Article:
Circular economy opportunities in Malaysia

With fast-developing cities and a population of more than 32 million, Malaysia faces both challenges and opportunities in its transition to a circular economy. The lack of implemented extended producer responsibility (EPR) and the public sector’s limited capabilities in waste management, makes the country miss out on potential value from recycling. Yet, Malaysia has a strong manufacturing base and keeps growing rapidly. Huge company-driven actions on plastic packaging stimulate the country to make room for new market opportunities from design to production, usage to the collection, sorting, recycling, and applying recyclate in new products. With the government’s ambition to reduce greenhouse emissions by 45% in 2030, opportunities for collaboration with The Netherlands as a niche leader in circular manufacturing, seem likely.

Thinking about doing business in Malaysia? Below you will find a summary of the information on policy landscape, circular economy strategy, and selected priority areas. For more information, please click here for the 4-pager PDF file.

An overview of the most important information for business in Malaysia

Facts & Figures

Economic indicators

  • Size: Malaysia is 8 times larger than the size of The Netherlands 
  • Total Landmass: 329.847 square kilometers (Peninsular Malaysia and East Malaysia (Sabah and Sarawak) 
  • Population (2020): 32,79 mln 
  • Nominal GDP (2020): €342.442 bln, world rank: 36th  
  • Import from the NL (2020): €884,6 million
  • Economic growth (2021 ): 3-4% 
  • Ease of doing business rank (2020): 24 
  • Corruption index (2021): 65/198 
  • Unemployment rate (2020): 4,55% 
  • Currency: Malaysian Ringgit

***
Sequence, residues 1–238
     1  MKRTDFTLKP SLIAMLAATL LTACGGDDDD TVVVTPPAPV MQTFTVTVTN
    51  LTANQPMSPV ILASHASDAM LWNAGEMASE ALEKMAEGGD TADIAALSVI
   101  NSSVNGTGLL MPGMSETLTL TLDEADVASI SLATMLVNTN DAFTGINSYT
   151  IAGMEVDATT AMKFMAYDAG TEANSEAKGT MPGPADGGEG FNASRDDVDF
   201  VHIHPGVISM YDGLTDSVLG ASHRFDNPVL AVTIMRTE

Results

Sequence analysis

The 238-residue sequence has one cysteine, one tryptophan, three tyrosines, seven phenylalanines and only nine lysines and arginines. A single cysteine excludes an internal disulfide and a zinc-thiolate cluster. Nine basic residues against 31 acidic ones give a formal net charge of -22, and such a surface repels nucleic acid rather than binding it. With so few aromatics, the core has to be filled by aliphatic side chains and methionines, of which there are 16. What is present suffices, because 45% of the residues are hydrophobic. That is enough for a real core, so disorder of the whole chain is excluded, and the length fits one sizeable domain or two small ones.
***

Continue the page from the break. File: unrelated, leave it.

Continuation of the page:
• Time difference NL: + 6/7hrs 

Circular economy indicators

  • Global innovation index (2020): 33/133 
  • Recycling rate of municipal solid waste (2020): 30,67% 
  • Renewable energy consumption (2018): 5,3% 

Solid waste composition in Malaysia (2019)

Policy Landscape

Malaysia is a country with a federal constitutional monarchy, which has 13 states and 3 federal territories. Malaysia has a King as the head of the country, while the executive power is held by the Prime Minister of the cabinet. Manufacturing is now the Malaysian core sector with several primary industries, such as electrical & electronics (E&E), petroleum products and petrochemicals, semiconductors and machinery, and equipment. Other sectors supporting the country’s economy are palm oil and forestry. 

Malaysia has set ambitious goals towards sustainability and circular transition:

  • The target of recycling rate in 2025: 40% 
  • A reduction of gas emissions in 2030: 45%

Malaysia has also developed some actions toward circularity:

“We see four priority areas when it comes to circular economy opportunities and needs: Manufacturing, plastics, biomass, and waste management"

Dutch Embassy in Malaysia

Manufacturing industry

Malaysia’s Investment Performance Report on 2019 shows that remanufacturing the top Malaysian industries (electrical and electronics, vehicle components, chemical, rubber, plastics) can generate three times the current value to the Malaysian economy. Establishing refurbishment and remanufacturing for those industries can be key strategies for Malaysia and for Dutch business partners.

In addition, there is a new market opportunity on electric vehicles (EVs) as the Malaysian government announced on their 2022 National Budget to eliminate all taxes on EVs in Malaysia. The support from the Malaysian government is expected to increase the demand for sustainable batteries.

Adopting a smart industry strategy and enhancing digitization can be beneficial to build a data matching platform for data collection and analysis. Furthermore, combining servitization and smart technologies will make resource efficiency more valuable for industries. Implementing digitization on vehicle components, ICT, medical devices, and aerospace industries can help them to create a more effective production system.